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Think my views are similar to a few others.  Within an army, for me the level of detail on a miniature reflects the "level" of that miniature within my army.  A green, rank and file scrub should have a fairly basic appearance - largely uniform with the people in their unit.  As I get to more elite units, I'd expect a bit more personalisation and detail to reflect that they're more experienced and more valued, right up to my general who should have loads of details, horns and bling on.  It's a bit like in a computer game you'll start off in a cloth shirt and threadbare trousers, but at endgame have a really ornate set of armour, covered in filigree.

That's not to say an undetailed miniature should be bland, but they shouldn't be covered in intricate bits and bobs.  My ideal balance would be a unit of ten basic troops should take as long to paint as a character.

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On 10/11/2021 at 8:07 PM, Nos said:

Although it always needs to be said- don't hobby for other people, you'll never be able to control how and what they think of your work and even why. If they don't like what you've done, but you do, that's really all that matters 

Wise words and totally agree.

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To be honest, there's always one further step to go when you're painting a model. The real time when a miniature is "finished" is when the painter is saying it is, in the end. It's always subjective.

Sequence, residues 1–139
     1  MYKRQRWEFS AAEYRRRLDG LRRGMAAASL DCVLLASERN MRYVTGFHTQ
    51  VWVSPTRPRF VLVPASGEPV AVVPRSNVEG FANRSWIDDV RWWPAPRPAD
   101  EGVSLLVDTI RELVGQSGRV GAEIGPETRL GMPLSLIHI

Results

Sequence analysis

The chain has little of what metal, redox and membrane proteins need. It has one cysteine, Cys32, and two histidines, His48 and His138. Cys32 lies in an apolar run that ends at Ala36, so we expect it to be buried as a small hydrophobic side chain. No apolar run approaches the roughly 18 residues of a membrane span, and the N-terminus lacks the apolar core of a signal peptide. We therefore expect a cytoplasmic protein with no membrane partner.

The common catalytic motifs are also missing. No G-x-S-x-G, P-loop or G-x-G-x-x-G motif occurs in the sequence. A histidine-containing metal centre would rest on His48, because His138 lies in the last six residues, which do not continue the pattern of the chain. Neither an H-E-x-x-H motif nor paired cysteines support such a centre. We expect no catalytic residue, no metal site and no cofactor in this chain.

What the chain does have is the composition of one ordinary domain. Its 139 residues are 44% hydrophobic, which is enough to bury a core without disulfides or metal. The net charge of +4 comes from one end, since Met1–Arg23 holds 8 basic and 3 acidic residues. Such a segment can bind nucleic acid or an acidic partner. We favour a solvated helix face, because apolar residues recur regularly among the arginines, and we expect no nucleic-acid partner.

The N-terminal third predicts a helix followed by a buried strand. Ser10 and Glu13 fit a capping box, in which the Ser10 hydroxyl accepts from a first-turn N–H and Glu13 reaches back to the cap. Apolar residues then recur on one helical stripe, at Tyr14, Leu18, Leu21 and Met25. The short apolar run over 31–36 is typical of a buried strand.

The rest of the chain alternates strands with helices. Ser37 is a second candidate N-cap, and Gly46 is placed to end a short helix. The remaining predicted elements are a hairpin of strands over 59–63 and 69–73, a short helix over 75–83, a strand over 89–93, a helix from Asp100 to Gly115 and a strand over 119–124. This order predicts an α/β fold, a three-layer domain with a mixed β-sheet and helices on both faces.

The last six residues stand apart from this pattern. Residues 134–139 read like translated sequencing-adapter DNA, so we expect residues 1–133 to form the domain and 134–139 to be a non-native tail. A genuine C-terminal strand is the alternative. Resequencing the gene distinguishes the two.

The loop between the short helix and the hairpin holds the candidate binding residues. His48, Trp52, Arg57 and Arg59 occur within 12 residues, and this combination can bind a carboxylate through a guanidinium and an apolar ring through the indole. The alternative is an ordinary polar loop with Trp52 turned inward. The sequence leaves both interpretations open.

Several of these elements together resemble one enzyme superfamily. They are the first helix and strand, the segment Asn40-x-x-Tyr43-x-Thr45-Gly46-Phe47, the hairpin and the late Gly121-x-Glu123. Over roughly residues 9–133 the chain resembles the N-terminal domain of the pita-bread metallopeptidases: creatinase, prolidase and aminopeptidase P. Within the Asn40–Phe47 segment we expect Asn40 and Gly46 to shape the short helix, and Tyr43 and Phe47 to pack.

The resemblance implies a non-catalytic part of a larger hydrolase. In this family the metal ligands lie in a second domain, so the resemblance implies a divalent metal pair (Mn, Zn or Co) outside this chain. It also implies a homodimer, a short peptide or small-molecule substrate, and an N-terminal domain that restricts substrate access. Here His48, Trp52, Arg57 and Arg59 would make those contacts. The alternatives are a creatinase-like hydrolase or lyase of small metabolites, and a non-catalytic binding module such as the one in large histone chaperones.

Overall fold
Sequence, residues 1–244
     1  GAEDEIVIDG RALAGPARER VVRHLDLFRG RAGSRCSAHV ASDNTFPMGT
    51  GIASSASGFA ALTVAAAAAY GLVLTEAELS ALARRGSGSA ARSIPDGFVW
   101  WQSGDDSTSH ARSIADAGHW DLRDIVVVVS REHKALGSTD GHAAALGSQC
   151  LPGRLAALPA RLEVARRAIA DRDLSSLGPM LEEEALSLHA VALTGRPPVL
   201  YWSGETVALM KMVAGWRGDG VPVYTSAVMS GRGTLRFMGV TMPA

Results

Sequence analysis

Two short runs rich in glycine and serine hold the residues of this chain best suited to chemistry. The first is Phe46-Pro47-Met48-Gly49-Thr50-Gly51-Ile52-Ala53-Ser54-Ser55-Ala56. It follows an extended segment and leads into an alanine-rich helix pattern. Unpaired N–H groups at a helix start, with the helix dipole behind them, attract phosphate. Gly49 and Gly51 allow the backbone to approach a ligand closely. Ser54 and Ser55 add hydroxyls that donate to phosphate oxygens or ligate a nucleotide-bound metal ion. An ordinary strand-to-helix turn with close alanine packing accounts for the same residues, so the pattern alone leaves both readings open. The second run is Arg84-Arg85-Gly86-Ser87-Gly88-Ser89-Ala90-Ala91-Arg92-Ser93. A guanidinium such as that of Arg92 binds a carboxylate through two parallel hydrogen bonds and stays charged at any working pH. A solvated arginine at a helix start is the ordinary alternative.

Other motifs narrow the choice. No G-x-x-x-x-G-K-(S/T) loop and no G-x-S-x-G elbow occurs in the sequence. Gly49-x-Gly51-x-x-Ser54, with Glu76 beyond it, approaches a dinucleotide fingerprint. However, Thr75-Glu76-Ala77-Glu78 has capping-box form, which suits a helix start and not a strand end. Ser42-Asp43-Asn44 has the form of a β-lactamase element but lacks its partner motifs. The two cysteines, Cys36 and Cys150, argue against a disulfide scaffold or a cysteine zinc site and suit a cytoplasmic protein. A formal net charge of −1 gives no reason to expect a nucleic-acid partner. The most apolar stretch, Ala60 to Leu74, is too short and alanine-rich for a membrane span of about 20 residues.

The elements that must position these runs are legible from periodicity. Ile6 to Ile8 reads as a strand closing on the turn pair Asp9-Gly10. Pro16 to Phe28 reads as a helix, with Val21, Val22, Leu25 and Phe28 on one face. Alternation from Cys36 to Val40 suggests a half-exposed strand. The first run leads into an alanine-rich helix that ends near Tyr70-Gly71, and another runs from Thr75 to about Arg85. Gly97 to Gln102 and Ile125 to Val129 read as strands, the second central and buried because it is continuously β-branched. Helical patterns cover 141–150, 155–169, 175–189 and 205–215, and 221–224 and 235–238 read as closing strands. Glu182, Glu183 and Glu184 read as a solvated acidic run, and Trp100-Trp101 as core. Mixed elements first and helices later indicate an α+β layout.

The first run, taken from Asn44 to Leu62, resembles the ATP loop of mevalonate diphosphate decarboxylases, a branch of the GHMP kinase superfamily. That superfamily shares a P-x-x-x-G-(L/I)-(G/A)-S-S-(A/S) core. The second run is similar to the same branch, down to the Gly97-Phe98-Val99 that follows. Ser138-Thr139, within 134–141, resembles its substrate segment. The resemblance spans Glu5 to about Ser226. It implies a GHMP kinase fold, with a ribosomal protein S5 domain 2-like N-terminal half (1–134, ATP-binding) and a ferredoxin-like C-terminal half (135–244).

For example, you can as well paint every single detail on a 6mm scale miniature, but others will just be content with overall colors being done. It really depends how you want to be satisfied yourself.

I have an acquaintance who can't understand why you don't try to "improve" your painting skills and be glad with just bases, shades and one lighting (he's also selling his skills to teach others, to say the truth :P ). It's a bit of the same situation, IMHO.

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I paint a lot of classic models from the era of 1987 and 1991.  Typical examples are Jes Goodwin slaanesh chaos champions, Wood Elves, Eldar range, Space Ork stuff.  

The biggest difference I feel is limitations on the medium forced the classics to be very characterful and unique.  But they were not as finicky, delicate or detailed (plastic is catching up to hand sculpted/formed).  Often I can knock out a classic model really fast and it is very rewarding.  It's also fun and rewarding to have an old model rebased and built up for proper size.  And it's reuse/reduce/recycle which while arguably infinitesimally negligible it's something I suppose.

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So my "old" Chaos Knights arrived. I'm glad I opted for them instead of the new ones. There are flaws for sure - the mold lines are downright egregious (I probably spent as much time removing them as actually assembling the models), the torsos don't always fit perfectly onto the legs, etc. But it is so nice to have a kit where everything is interchangeable, where magnetizing the arms is reasonably easy, and where the riders aren't molded onto the horses so the only "sub-assembly" you need to do is to not glue the riders on until after they're painted (I'm compulsive, so I'm also painting the pauldrons separately, but you really don't need to). And the best thing of all is that looking at these models...I can actually see myself painting 15 of them. Each one is going to be subtly unique because everything is interchangeable (napkin math says you can make at least ~8,000 different unique knights from this kit, even counting the shield arm as one piece), but they all look similar enough that you can use the same painting approach for each, and while there is detail here and there, none of it is excessive or difficult to reach.